Wednesday, January 9, 2008

Two-Thousand Eights!

That's a lot of eights. Anyhoo, January is another hiatus for ol' Draco. Taking the month off for many reasons, actually.

In my free time this month, I'll be playing Xbox 360 games more than I have been lately. I'm a bit of an achievement junkie. Much like gaining a level in FFXI, I like adding to the numbers, essentially. For anyone who isn't familiar with Achievements, it's a new concept to gaming in general. I've heard people say they love it and some say it's stupid.

Each game has its own goals and missions and so forth, but now the Xbox 360 tracks specific scores per game, and assigns your Gamertag (read: sign-in name) a Gamerscore (a number totaling your accomplishments). If you're connected to Xbox Live (an online service run by Microsoft to connect gamers to each other), other gamers can see not only which games you've played, but how much progress you've made in those games. Each retail game can reach 1000 AP, while Xbox Live Arcade downloaded games (smaller games in general) cap at 200 each. Some games are entirely single-player, while others have achievements based on multi-player.

To me, this can be cool and lame at the same time. For the less-imaginative developers, this can amount to an achievement list being mostly tasks like "Complete Level 1" and so forth. This is all well and good, but if a game is easy to finish, you can get a large numerical score for a mere few hours of just plowing through a game. Then you come to a game that is more difficult or time-consuming with a similar achievement structure, and it won't yield nearly the same points-for-time ratio. Not a glaring flaw, but noticeable.

There are games with very easy tasks that take little effort and yet give more points per task, most notably the sports games. Getting 20 rebounds (which is easy) in a basketball game might unlock a bunch of points, and you could get full points from a sports game in a short evening if you tried. Then there are games like RPGs that take quite a bit of time to do more complicated tasks for less points per task.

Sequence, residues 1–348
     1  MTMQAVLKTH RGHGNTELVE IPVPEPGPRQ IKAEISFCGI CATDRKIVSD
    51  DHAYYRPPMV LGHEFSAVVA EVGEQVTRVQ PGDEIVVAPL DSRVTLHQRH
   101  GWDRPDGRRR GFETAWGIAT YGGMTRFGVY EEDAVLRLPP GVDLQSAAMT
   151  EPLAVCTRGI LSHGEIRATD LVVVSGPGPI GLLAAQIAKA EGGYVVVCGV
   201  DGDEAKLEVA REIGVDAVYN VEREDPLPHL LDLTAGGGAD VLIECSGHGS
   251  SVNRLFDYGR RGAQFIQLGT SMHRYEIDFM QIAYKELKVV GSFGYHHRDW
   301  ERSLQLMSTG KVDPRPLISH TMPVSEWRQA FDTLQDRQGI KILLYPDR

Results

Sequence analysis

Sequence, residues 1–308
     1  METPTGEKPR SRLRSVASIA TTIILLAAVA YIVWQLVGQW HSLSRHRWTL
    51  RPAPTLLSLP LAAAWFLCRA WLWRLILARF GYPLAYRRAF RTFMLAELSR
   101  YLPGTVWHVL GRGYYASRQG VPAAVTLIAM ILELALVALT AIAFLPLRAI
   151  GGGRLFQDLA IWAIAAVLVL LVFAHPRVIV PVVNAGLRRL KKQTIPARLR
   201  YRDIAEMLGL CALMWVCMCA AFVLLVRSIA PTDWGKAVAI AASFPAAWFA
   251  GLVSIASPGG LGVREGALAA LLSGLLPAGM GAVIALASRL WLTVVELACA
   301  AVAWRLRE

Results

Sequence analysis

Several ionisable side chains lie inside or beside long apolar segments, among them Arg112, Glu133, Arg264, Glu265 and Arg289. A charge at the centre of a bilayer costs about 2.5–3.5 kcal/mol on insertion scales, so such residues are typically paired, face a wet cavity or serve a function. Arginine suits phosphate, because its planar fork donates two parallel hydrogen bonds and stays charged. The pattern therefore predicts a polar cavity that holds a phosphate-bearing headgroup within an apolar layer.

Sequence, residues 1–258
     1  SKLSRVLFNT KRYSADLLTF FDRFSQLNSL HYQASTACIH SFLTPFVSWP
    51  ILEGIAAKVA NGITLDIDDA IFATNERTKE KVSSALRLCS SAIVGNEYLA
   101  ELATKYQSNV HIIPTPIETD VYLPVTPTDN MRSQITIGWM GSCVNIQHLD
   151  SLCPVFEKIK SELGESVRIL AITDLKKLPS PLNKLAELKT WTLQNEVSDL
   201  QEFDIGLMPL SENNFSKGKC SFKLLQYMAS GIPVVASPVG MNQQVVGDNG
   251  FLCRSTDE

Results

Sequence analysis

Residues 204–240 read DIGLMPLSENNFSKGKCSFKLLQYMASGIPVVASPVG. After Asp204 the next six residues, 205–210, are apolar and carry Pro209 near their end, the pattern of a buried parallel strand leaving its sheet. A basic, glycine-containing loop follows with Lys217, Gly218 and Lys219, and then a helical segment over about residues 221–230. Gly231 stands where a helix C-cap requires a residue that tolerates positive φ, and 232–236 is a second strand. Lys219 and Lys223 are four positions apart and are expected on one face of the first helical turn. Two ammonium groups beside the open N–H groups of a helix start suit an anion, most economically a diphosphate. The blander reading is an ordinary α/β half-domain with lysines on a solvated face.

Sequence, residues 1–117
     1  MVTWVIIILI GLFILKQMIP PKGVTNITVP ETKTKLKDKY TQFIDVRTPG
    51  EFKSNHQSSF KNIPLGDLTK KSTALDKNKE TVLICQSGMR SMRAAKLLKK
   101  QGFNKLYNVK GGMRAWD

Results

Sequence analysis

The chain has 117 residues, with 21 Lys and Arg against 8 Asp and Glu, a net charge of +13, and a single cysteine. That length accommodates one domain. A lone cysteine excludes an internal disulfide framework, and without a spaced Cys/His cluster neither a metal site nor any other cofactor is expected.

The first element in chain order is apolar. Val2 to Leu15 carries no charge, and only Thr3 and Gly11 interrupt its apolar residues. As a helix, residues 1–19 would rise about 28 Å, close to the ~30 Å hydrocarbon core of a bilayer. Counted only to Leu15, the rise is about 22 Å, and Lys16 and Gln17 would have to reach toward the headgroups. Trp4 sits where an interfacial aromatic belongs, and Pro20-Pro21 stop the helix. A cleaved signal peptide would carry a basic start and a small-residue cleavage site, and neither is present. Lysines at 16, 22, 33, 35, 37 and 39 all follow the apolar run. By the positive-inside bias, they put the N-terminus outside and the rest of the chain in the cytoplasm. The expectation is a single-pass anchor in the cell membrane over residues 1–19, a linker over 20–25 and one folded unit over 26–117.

Then we come to the really well-done and well thought-out achievements. One of my favorite lists is that for Dead Rising. The game is a free-for-all romp around a gigantic mall, wherein you fight thousands of zombies and uncover the truth behind why said undead creeps are around at all. This game is quite non-linear, thus you can do whatever you please almost any time you please. There are few rules as to how to get through the game. The achievements are terrific in that they all equal the same number of points per task, each vary in difficulty & time, and they are a mix of game completion tasks and unique ideas that have nothing to do with the main game.

For instance, there are achievements for completing the game and solving the case, defeating enemy characters, and escorting survivors out of danger. These types of goals are achieved through normal playing. Then we come to more unique ideas, such as killing specific numbers of zombies, catching air on a motorcycle, trying on clothes in the mall, and the list goes on. There are 50 different achievements and each are worth 20AP. Casual players who pick up the game and go through it in a rental will maybe get 100 or so, while those who explore and want more points can (and must) devote a lot more time to the game.

I like this because now that games retail upward of $60, a developer can considerably increase the replay value of their creation by being clever. Some games of course have excess difficulty or time to them, such as games that require numerous complete play-throughs from beginning to end (usually in the form of "Beat the game on Normal, Hard, Very Hard, Extremely Hard" and so on). If they're not adding something new or different to each play-through other than being tougher, it's little incentive to keep going.

In recent weeks, I've finished Tomb Raider: Legend and Tenchu Z to max AP. I've gone back and played more of my older games, with about 2200 AP gain in the last couple months. No, the score itself means nothing, and it's no better than a person in FFXI who boasts multiple 75-jobs. Yes, there is some effort and skill and persistence required, but having a lot of levels or a high Gamerscore also means you've played a lot of games. That's nice and all, but at the end of the day (and later, your life) it doesn't make any difference to anyone.

Still, I've had fun watching the little "Achievement Unlocked" bubbles pop up during my games, and it has definitely increased my motivation to try out different things, both new games and new approaches to those games. I hope developers continue to be creative in all ways, and this certainly doesn't hurt if you ask me.

I need to finish up my last goal on Castlevania: Symphony of the Night which is beating the secret quest. The Darkness and The Elder Scrolls IV: Oblivion also await this month. Should be fun.